Commercial Property checklist for office relocation
Reports about the death of the office have been greatly exaggerated, according to figures which show that demand for office space in the UK is higher than pre-pandemic levels.
In the first quarter of this year, the Royal Institution of Chartered Surveyors (RICS) reported a 30% swing in demand, with 69% of respondents reporting an increase in space allocation per desk last year.
The pattern is replicated in Europe where one office space specialist, Flexas reported a 300% spike in new office space inquiries has been registered across the continent.
Increasingly, businesses are locating outside London, resulting in increased demand for office space in cities such as Edinburgh, which saw record-breaking take-up of office space last year, and Manchester, which experienced a fourth consecutive annual increase in let office space.
“The general trend is that people want to open up shops, offices and cafes and get back to business,” says Robert Rosenberg, Commercial Property Partner at OGR Stock Denton.
“During the pandemic people said the office was dead and landlords in 2020 would have signed anyone up, but now rents have stabilised and the commercial property sector is buoyant. People want to get back to how things were before.”
3 considerations before signing a commercial lease
With a raft of businesses relocating and taking on new commercial leases, Mr Rosenberg gives his guidance on the top three considerations to make before signing a commercial lease.
- Get a clear agreement on how much you will pay during lease, in rent and service charges. It is always better to formally agree on a cap on the service charge so you can be confident it will not unexpectedly go above a certain rate. Many businesses get a nasty surprise when the landlord or property manager decides to hike up service charges mid-way through the agreement.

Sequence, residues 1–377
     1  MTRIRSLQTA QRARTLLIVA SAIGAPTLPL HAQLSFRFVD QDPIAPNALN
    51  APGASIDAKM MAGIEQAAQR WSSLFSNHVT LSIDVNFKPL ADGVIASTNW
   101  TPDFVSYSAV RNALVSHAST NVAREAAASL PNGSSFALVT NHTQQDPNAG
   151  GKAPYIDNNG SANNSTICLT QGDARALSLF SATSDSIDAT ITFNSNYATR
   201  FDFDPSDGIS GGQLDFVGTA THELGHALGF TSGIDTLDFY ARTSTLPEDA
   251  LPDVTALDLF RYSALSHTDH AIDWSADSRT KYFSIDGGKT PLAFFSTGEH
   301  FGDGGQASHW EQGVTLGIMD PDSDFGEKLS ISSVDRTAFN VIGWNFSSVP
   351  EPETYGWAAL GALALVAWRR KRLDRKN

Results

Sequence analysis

- Have a clear agreement on how you can get out of a lease. Generally, there are four ways; the lease ends, the tenant sells the lease, the tenant sublets or there’s a break clause. Make sure the conditions of any break clauses are understood and legally nailed down. We have dealt with numerous clients who needed help because they thought they met the break clause conditions, only to be held to term by the landlord because of some obscure condition they were not aware of.
- Have a lawyer draw up a contractual schedule of condition. Some landlords in this country think they are barons and lords and expect their tenants to leave a commercial property in better condition than when they moved in. You’d be surprised how many rent shoddy properties and demand they are pristine when the lease ends. I always advise people to have a schedule of condition which fully and accurately describes the condition of the property at the beginning of an agreement and agrees on what condition it gets handed back in. Without a schedule of conditions, a landlord can demand the place be handed back in better condition than when the tenant took the lease. Sadly, a lot of tenants come to me at the end of their agreements having been presented with a big bill. If you seek advice before you take the lease and get a schedule of condition in place you save this kind of pain.
If you’re planning to move to new commercial premises and want professional, no-nonsense advice, contact OGR Stock Denton’s commercial property experts today by email, or call us on 020 8349 0321.